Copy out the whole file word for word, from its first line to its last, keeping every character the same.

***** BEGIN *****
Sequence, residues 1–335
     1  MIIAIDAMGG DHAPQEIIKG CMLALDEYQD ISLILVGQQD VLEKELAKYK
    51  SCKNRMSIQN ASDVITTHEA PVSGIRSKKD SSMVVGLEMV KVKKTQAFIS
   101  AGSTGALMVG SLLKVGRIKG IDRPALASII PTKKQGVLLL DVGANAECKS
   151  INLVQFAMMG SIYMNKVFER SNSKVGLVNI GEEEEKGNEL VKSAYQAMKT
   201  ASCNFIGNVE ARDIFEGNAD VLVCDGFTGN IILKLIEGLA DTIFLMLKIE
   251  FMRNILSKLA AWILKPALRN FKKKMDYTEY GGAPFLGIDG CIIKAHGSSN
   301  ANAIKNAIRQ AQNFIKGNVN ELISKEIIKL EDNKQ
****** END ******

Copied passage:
Sequence, residues 1–335
     1  MIIAIDAMGG DHAPQEIIKG CMLALDEYQD ISLILVGQQD VLEKELAKYK
    51  SCKNRMSIQN ASDVITTHEA PVSGIRSKKD SSMVVGLEMV KVKKTQAFIS
   101  AGSTGALMVG SLLKVGRIKG IDRPALASII PTKKQGVLLL DVGANAECKS
   151  INLVQFAMMG SIYMNKVFER SNSKVGLVNI GEEEEKGNEL VKSAYQAMKT
   201  ASCNFIGNVE ARDIFEGNAD VLVCDGFTGN IILKLIEGLA DTIFLMLKIE
   251  FMRNILSKLA AWILKPALRN FKKKMDYTEY GGAPFLGIDG CIIKAHGSSN
   301  ANAIKNAIRQ AQNFIKGNVN ELISKEIIKL EDNKQ